When I first moved to the Washington, DC area out of college, I was so poor that I couldn’t afford much in the way of decor to spruce up my tiny one bedroom apartment.

One day I was at Target and I was looking at all their plants. I saw this pretty Wandering Jew and wished I had the money for it. I didn’t. But then I looked on the floor and there was a piece of the plant’s stem that had gotten knocked off. I picked it up and slipped it into my pocket. I took it home and thus began my new form of apartment decorations – houseplants. I nursed that little bugger into a huge gorgeous plant, and there were lots that followed.

Today my house is full, and I do not need any more houseplants. But I can’t resist saving cuttings to give to other people.

That Wandering Jew stem didn’t need to root before it went in the soil. But most plants need to grow roots in water before you can plant them in soil.

Here are some cuttings I took this morning at the mortgage company:

Pothos cuttings

Pothos cuttings

I could stick them in water that long, but instead I’m going to cut them into small pieces. That way, when all those small cuttings root, I’ll have a nice big bunch of them to put in the soil all at once. The aforementioned healthy foundation.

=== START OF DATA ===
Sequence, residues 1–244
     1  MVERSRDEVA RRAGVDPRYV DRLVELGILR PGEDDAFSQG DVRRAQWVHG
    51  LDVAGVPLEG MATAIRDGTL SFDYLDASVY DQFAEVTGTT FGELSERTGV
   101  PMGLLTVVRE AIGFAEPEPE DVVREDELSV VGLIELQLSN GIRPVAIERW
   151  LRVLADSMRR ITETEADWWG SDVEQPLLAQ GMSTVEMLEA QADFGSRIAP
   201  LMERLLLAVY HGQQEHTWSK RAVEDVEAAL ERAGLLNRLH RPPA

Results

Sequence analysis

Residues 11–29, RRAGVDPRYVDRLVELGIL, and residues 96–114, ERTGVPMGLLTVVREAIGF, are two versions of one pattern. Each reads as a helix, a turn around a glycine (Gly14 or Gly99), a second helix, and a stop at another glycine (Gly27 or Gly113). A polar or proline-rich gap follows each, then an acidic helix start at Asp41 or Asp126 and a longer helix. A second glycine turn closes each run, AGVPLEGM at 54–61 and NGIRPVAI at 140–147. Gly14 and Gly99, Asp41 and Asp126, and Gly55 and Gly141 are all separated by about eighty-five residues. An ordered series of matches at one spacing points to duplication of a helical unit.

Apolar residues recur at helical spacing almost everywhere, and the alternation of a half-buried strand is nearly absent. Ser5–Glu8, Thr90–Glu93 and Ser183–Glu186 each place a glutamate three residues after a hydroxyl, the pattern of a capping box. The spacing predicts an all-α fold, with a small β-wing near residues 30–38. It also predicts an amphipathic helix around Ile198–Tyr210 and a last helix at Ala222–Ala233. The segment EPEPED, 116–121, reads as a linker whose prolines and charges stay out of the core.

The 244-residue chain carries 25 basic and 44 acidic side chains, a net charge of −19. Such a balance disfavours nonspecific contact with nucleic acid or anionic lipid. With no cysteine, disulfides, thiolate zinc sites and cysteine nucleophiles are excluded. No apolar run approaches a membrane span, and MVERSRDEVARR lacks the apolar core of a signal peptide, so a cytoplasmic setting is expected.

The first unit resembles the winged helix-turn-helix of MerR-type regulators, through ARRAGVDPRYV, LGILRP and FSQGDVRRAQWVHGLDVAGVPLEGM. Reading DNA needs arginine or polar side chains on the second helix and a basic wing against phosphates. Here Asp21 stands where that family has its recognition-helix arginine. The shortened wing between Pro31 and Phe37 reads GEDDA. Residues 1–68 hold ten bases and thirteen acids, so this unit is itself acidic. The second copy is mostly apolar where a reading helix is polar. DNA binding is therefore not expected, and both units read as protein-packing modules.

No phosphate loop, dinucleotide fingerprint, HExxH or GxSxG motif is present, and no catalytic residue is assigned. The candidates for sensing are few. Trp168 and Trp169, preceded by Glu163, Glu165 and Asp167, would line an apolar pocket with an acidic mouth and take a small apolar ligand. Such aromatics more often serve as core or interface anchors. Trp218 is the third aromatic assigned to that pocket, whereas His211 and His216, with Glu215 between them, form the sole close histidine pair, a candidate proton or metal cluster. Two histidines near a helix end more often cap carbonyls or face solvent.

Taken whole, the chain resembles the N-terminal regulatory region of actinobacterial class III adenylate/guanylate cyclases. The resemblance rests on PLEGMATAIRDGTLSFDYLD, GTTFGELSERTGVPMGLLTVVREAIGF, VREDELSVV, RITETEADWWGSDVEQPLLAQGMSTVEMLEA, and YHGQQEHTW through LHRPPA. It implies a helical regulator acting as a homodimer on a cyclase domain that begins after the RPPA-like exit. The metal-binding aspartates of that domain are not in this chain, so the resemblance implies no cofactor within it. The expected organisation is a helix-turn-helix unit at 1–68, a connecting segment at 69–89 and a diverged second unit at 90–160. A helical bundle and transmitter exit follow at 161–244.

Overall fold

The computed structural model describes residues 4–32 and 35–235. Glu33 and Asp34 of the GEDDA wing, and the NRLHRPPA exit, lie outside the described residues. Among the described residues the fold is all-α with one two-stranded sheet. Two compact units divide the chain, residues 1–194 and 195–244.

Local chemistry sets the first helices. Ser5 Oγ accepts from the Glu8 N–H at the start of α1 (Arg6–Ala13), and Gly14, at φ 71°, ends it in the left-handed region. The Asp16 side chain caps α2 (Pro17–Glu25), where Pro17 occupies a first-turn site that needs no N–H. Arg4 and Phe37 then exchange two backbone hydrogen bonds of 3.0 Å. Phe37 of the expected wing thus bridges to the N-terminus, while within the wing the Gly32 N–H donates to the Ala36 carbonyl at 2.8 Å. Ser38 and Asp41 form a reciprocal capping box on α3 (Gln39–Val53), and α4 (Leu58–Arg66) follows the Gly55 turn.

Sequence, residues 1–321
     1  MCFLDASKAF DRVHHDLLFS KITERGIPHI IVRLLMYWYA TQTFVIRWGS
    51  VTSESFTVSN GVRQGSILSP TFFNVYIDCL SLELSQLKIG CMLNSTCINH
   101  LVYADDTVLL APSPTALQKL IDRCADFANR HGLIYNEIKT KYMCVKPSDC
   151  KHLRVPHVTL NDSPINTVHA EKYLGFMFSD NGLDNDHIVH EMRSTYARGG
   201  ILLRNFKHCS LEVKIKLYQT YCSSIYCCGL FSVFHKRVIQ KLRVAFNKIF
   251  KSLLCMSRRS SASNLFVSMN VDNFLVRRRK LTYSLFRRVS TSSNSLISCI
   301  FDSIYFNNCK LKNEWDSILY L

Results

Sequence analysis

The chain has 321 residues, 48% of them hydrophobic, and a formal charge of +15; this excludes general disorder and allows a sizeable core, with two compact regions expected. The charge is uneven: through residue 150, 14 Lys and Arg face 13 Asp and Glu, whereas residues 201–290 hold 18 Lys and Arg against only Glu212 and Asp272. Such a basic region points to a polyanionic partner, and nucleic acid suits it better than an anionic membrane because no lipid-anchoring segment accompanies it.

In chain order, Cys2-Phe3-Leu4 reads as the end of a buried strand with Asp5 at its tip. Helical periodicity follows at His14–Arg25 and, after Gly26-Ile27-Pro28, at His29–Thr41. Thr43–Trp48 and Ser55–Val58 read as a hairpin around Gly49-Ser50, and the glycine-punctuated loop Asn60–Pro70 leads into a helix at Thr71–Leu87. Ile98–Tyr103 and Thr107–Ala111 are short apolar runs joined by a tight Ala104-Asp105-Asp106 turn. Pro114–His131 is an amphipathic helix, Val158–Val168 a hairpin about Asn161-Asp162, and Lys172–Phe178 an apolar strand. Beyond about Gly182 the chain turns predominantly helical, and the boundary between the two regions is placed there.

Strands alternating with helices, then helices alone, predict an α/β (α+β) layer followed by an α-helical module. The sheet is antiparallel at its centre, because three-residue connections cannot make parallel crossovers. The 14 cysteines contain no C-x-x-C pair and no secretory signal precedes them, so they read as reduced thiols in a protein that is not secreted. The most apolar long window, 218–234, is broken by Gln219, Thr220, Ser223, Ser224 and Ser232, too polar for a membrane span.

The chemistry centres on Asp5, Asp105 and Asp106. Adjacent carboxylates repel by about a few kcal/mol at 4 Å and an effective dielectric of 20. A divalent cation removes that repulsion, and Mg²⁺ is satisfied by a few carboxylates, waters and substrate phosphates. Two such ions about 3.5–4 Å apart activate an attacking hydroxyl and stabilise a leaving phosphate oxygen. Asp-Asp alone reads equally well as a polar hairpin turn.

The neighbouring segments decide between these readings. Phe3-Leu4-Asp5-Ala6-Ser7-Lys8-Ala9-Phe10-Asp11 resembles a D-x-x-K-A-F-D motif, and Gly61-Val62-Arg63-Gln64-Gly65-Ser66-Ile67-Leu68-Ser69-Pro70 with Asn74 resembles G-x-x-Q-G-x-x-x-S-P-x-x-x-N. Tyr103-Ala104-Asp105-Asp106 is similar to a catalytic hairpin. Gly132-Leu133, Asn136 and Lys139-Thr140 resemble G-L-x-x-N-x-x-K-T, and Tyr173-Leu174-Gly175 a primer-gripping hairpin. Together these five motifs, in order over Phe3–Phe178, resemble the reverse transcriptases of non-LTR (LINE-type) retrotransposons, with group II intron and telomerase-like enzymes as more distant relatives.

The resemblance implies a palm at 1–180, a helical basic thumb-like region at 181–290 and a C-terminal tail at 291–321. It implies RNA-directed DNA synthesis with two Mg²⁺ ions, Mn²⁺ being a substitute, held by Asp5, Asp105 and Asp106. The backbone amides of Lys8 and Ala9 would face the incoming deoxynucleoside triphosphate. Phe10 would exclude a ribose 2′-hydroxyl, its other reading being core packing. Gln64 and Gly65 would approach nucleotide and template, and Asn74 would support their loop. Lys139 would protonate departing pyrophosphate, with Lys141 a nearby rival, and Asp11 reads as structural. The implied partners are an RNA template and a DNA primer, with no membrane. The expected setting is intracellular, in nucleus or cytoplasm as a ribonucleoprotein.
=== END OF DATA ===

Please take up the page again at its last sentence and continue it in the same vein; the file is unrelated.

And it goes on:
Start at the end where you just cut the vine from the plant (as opposed to the other end, that’s growing a new leaf). I usually hold that end in my hand, and count up five or six leaves, then make a new cut, like this:

Where to cut a vine

Where to cut a vine

Now I’m holding a smaller cutting in my hand. I cut the lower two leaves (because the stem will be underwater, leaves will rot underwater). It looks like this:


Here’s what the mini cutting looked like when I was done:


Obviously, the part without leaves is the part that will go in the water. I repeated the process for the remaining stems. Here’s the beautiful bunch I got from just two of those medium-length cuttings.

Pothos cuttings

Pothos cuttings

Now, I was in a mortgage company so I needed a container. There are lots of ladies in the office who get flowers. I knew I could find a vase if I looked around.


Nope, not in there. I could’ve used a coffee cup, but I wanted a vase.

How about under the sink, that’s usually a surefire place for abandoned vases.


Score. Every office has one!

So I filled the vase up with water and put the cuttings in, then put the vase up by the other cutting-filled one that was already up there.



You want to shove them way down in the water so they have a better chance of rooting.

They should start to sprout roots right away, and should have some good long healthy ones in a couple of weeks. We’ll check their progress in the weeks to come.

Anyone want to call dibs on some plant cuttings?